Hallmark Cards advertises that 133 million cards will be exchanged on this Mother’s Day. Hallmark.com will address, stamp and mail your Mother’s Day cards for you. Approximately 65 percent of Mother’s Day cards sales occur during the five days prior to the holiday. Hallmark offers nearly 1,000 different cards for Mother’s Day. Some are serious and others are not.
For example, one such card has three moms pictured on the front. These women are sitting together, bragging about their grown sons. The first one said to the others, “You should have seen what my son did for me on Mother’s day. He threw a big party at a fancy restaurant and even hired a big band to come and play.”
The second woman said, “That’s nice, but my son gave me an all-expense-paid cruise to the Greek islands.”
Then, inside the card, the third woman said, “That’s nothing! For the last three years, my son has been paying a psychiatrist one hundred dollars an hour, twice a week – and the time he talks about no one else but me.”
There are no perfect moms. I read this list of lessons learned from these less than perfect moms. Listen and remember if you ever heard some of these lessons.
My mother taught me the value of a clean home when she told my brother and me, “Listen, if you’re going to kill each other, do it outside, I just finished cleaning up.”
My mother taught me the value of passionate prayer when she said, “You’d better pray that will come out of the carpet.”
My mother taught me logic when she said, “If you fall out of that swing and break your neck, you’re not going to the store with me later.”
My mother taught me about consequences when she warned, “You keep crying, and I’ll give you something to really cry about.”
My mother taught me about the circle of life when she said, “Listen, I brought you into this world, and I can take you out.”
My mother encouraged me to learn contortionism when she said, “Will you look at all that dirt on the back of your neck?” or “Didn’t you see all that dirt in your ears?”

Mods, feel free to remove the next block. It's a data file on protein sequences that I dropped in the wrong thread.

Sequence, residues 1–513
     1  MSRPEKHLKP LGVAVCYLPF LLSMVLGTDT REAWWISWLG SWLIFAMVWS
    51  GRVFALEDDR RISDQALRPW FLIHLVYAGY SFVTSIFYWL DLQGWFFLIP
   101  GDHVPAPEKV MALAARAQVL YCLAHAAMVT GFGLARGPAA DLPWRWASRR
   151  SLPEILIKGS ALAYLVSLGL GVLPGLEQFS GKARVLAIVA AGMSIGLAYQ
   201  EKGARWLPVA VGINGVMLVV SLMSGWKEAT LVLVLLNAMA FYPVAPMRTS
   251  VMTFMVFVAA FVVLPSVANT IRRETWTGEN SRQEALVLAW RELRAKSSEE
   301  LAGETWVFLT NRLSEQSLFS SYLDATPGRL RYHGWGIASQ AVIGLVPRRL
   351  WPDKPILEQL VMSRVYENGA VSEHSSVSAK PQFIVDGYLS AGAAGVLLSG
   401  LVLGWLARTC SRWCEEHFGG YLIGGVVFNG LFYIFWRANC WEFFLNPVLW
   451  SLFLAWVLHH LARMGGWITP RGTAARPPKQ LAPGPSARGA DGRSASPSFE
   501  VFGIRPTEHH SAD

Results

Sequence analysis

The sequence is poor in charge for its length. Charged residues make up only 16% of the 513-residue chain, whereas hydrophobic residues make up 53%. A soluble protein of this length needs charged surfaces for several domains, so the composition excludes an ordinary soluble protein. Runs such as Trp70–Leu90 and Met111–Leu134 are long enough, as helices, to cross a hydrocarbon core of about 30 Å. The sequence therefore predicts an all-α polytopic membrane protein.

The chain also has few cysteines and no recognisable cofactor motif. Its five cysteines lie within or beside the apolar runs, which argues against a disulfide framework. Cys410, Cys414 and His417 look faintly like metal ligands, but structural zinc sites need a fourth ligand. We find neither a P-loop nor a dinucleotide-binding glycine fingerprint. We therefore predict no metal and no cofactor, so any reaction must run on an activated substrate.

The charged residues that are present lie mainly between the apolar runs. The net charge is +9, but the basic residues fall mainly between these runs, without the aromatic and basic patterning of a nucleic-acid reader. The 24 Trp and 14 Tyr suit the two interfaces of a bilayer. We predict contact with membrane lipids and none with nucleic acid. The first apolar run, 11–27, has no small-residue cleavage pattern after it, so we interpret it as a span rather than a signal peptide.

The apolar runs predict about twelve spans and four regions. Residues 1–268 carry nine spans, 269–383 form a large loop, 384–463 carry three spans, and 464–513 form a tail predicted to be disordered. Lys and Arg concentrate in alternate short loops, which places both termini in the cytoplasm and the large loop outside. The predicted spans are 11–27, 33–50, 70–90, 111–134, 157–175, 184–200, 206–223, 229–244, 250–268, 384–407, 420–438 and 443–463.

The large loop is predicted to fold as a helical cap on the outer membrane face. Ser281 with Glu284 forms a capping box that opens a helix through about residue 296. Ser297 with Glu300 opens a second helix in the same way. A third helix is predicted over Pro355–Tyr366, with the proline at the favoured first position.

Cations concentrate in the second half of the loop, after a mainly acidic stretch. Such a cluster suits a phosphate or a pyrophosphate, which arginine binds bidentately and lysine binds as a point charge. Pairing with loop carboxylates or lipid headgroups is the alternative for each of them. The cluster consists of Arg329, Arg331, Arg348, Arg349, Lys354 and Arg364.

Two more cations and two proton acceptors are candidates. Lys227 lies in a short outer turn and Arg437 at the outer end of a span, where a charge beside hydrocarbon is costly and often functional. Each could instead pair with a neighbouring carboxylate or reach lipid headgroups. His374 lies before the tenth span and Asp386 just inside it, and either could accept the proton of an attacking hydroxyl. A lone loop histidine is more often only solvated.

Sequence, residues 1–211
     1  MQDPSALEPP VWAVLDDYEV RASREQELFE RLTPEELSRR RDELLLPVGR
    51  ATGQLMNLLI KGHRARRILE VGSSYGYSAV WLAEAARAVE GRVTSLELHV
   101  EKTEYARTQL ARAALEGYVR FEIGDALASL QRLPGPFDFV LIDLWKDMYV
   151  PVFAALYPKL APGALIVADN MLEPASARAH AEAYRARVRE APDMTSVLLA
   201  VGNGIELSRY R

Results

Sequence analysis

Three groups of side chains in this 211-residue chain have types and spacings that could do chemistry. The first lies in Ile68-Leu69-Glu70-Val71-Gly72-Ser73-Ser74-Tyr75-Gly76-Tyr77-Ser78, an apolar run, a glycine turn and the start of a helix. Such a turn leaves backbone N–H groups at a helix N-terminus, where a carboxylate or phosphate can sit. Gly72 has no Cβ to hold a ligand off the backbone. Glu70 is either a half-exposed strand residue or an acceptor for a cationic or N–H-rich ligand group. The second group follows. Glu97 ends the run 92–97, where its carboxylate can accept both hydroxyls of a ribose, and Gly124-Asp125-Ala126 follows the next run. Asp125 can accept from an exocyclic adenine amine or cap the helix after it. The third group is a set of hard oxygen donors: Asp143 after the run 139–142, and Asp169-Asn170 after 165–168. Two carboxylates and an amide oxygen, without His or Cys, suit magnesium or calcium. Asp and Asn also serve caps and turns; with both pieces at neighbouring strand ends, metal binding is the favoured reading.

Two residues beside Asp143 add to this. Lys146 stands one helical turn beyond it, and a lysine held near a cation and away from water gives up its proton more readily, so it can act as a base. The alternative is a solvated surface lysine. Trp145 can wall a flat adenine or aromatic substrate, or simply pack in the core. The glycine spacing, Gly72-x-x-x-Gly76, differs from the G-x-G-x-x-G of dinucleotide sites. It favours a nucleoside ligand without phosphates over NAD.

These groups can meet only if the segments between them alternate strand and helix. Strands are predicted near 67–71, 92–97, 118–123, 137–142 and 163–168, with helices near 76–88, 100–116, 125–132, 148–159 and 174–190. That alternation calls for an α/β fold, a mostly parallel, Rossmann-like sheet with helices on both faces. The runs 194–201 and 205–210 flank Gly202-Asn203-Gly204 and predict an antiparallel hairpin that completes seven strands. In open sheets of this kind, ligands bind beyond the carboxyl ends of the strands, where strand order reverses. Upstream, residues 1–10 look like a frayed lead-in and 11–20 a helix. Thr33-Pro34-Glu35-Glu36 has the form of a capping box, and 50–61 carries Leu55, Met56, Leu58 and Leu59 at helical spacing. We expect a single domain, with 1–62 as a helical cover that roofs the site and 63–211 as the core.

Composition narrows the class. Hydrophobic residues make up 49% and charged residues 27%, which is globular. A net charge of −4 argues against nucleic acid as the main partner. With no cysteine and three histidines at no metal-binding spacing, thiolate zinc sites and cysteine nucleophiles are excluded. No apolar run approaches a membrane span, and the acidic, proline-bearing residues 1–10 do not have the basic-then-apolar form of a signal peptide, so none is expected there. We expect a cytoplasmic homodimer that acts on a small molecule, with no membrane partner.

My mother taught me that love has boundaries when she said, “When that lawn mower cuts off your toes, don’t come running to me.”
My mother taught me the value of stamina and perseverance when she said, “You will sit there until all that spinach is gone.”
I say again, there are no perfect Moms. And nowhere is that better illustrated than in Jesus’ family tree recorded in Matthew one. There are four very imperfect mothers listed in Jesus’ genealogy in Matthew one. Though very imperfect these mothers were still greatly used by the Lord. The fact that women are listed at all was highly unusual because fathers more often are named because it was the father’s name and inheritance that were passed on from generation to generation.We are not surprised to find in Jesus’ family tree Jewish men like David, Israel’s greatest king or Abraham, the father of the nation of Israel, or Solomon who was the wisest of all men in Israel.
Matthew is presenting Jesus as the Old Testament predicted Jewish Messiah who is legitimately related to Abraham and David.
Yet even these leaders had some dark chapters in their lives. Not only are all mothers imperfect but so are their husbands, all fathers and all children. So if you find yourself on a shrink’s couch, be sure to include yourself in the conversation.
Nor would we have been shocked to read about some of Israel’s Jewish matriarchs such as Sara, or Rebekah or Rachel. But Matthew included four Gentile mothers who had been either prostitutes or outcasts or adulteresses or misfits.
The four most unlikely to spiritually succeed mothers who brought us the Messiah are Tamar (1:3), Rahab (1:5), Ruth (1:5), and Bathsheba (1:6). None of these would have been voted Mother of the Year or Wife of the Decade.